Code: Select all

>>> 1e308 * 1e308
inf
>>> _ - _
nan
>>> _ >= _
False

Code: Select all

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Re: Coding: Fleeting Thoughts

Postby You, sir, name? » Sun Sep 07, 2014 10:36 am UTC

IIRC, using IEEE floating arithmetic, sqrt(x) for x<0 returns NaN, and usually you get a negative NaN to hint at the cause.

C is nice, because its operations either return values, NaN, infinity, or it brutally murders your application with a SIGFPE :-)
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Re: Coding: Fleeting Thoughts

Postby Diadem » Sun Sep 07, 2014 11:51 am UTC

Maybe you were sarcastic, but honestly I like it when my application gets brutally murdered. It's so much easier to debug applications that just explode horribly upon the first error, instead of continuing in a corrupted state and end up dying much later or spitting out wrong results.

Did I mention I hate exceptions. I believe I did. I honestly can not see their point. If the code throws an exception, there are three possibilities. First I can catch it right away, in which case I might as well check for errors there without using exceptions. Secondly I don't catch it, in which case my application dies and then what was the point of exceptions? Or worst of all, I can catch it somewhere else in the code, which seems the intended use of exceptions, but just means my code is now slower, filled with boilerplate, inevitably full of hidden bugs, much harder to debug, and I have no real idea anymore what is going on.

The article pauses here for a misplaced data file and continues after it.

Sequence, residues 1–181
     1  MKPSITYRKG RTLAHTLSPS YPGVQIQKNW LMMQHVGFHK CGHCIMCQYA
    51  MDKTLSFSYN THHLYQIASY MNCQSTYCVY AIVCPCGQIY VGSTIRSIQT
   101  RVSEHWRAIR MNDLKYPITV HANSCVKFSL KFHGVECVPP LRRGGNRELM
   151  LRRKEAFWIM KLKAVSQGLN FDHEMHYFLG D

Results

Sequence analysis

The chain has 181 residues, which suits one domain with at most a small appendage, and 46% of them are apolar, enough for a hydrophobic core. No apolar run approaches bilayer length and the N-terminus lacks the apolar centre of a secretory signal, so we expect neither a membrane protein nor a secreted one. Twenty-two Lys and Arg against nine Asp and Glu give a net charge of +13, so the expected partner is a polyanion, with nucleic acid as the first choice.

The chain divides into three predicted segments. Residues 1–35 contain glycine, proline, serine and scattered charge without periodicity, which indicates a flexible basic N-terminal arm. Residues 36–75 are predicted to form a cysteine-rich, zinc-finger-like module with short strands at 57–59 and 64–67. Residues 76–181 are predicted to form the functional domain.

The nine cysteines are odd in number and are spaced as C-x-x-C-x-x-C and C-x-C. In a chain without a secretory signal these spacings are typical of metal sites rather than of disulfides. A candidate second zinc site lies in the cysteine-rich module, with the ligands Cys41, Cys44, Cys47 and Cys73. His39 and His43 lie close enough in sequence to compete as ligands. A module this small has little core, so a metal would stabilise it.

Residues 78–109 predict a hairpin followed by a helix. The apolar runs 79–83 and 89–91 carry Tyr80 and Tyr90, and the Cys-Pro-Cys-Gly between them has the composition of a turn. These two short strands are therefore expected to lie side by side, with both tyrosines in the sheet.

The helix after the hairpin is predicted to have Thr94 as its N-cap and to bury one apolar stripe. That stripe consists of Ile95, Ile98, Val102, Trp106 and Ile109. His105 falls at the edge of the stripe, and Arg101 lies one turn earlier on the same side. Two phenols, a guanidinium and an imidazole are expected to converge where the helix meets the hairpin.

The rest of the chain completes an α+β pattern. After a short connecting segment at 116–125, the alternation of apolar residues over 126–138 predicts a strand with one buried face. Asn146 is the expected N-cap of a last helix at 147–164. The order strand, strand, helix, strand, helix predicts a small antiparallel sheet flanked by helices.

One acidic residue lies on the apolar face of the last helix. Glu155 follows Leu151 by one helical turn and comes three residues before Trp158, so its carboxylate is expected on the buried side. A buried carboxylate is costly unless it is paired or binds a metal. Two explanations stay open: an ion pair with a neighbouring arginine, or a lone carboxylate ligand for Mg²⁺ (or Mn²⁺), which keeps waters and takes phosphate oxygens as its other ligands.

[edit]
Just to be clear. I'm not so arrogant that i think I know better than those very experienced programmers who design programming languages, who came up with the idea of exceptions. Logic dictates that if many people more skilled than me think exceptions are a good idea, then they probably are a good idea. I just don't see it. I can't imagine a situation where I'd prefer having exceptions over not having exceptions.